The effect of HCV on ART response in patients in sub-Saharan Africa is unknown. We studied 1431 HIV-infected ART initiators in Jos, Nigeria of whom 6% were HCV co-infected. A similar proportion of HIV-HCV co-infected and HIV-mono-infected patients achieved HIV RNA <400 cp/ml after 24 and 48 weeks of ART (p values >0.05). Hepatotoxicity was uncommon (0.8% and 0.33% at 24 and 48 weeks, respectively), but was more common in the HIV-HCV co-infected group at 24 (aOR=19.3; 95% CI: 4.41–84.4) and 48 weeks (aOR=56.7; 95% CI: 5.03–636.92). HCV did not significantly impact ART response in this Nigerian cohort.
PMCID: PMC3548937  PMID: 23196830
Hepatitis C; HIV; antiretroviral therapy; Africa
6.  Association of HIV and ART with cardiometabolic traits in sub-Saharan Africa: a systematic review and meta-analysis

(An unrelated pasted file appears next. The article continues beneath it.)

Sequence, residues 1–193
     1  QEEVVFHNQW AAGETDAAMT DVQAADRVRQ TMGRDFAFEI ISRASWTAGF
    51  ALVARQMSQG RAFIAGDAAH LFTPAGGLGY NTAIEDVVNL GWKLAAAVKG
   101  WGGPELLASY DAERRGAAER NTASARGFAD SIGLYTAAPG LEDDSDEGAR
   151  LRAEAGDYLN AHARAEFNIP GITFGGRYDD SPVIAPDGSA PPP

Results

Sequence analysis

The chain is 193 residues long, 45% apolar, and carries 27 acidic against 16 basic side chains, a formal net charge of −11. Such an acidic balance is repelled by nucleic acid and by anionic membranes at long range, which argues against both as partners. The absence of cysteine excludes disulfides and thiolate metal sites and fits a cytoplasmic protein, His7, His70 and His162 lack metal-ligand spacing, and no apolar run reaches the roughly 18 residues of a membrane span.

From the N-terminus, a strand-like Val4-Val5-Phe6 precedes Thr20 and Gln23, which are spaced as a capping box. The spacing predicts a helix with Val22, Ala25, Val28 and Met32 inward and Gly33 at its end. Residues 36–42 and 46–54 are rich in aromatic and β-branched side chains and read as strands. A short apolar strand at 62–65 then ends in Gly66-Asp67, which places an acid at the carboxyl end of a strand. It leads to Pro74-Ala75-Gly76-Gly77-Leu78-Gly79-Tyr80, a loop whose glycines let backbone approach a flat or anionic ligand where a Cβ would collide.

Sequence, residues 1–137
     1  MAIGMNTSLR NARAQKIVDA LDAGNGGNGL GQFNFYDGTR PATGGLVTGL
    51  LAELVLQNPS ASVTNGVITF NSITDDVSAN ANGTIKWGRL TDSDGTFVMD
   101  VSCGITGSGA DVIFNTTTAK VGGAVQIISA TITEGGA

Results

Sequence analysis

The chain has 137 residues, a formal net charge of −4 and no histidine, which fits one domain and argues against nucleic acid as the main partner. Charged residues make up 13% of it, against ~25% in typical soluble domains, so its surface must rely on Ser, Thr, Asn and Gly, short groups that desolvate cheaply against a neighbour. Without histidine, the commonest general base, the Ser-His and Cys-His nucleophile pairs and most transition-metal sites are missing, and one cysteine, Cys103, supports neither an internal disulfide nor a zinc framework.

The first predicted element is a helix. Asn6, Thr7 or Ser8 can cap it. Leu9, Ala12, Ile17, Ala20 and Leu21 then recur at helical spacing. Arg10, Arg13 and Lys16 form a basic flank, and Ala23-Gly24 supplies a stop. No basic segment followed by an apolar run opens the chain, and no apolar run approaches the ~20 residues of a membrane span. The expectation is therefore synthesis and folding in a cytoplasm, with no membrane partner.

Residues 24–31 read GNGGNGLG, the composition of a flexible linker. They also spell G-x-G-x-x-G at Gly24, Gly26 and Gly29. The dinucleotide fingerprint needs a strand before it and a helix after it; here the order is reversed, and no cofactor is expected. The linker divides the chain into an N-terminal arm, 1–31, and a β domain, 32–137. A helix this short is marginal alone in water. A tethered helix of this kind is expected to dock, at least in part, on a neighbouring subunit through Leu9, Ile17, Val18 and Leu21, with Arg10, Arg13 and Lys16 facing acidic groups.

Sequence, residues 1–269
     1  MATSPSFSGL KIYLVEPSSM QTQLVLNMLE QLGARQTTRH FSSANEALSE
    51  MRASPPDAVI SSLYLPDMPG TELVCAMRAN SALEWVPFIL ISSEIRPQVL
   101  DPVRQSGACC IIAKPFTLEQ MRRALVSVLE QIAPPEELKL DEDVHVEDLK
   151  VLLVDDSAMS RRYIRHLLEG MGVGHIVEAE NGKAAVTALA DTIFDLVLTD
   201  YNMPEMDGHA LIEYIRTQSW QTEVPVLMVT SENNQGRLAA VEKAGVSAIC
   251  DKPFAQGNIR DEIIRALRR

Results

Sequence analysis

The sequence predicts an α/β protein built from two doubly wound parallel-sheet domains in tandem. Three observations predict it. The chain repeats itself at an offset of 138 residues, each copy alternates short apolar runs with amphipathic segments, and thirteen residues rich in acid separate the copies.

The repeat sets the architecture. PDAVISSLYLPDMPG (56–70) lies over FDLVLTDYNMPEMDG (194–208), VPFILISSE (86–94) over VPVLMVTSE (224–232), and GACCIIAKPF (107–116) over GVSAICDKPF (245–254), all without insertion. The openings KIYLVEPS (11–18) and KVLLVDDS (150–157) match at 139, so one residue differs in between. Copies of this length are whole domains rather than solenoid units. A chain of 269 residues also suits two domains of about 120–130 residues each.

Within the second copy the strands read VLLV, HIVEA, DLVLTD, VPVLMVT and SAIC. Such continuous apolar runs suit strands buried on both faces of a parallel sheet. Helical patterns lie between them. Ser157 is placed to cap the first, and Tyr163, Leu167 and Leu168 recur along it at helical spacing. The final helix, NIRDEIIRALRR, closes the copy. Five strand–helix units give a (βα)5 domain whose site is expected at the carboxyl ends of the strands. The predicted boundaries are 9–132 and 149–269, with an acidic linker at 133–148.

Background Sub-Saharan Africa (SSA) has the highest burden of HIV in the world and a rising prevalence of cardiometabolic disease; however, the interrelationship between HIV, antiretroviral therapy (ART) and cardiometabolic traits is not well described in SSA populations.
Methods We conducted a systematic review and meta-analysis through MEDLINE and EMBASE (up to January 2012), as well as direct author contact. Eligible studies provided summary or individual-level data on one or more of the following traits in HIV+ and HIV-, or ART+ and ART- subgroups in SSA: body mass index (BMI), systolic blood pressure (SBP), diastolic blood pressure (DBP), high-density lipoprotein (HDL), low-density lipoprotein (LDL), triglycerides (TGs) and fasting blood glucose (FBG) or glycated hemoglobin (HbA1c). Information was synthesized under a random-effects model and the primary outcomes were the standardized mean differences (SMD) of the specified traits between subgroups of participants.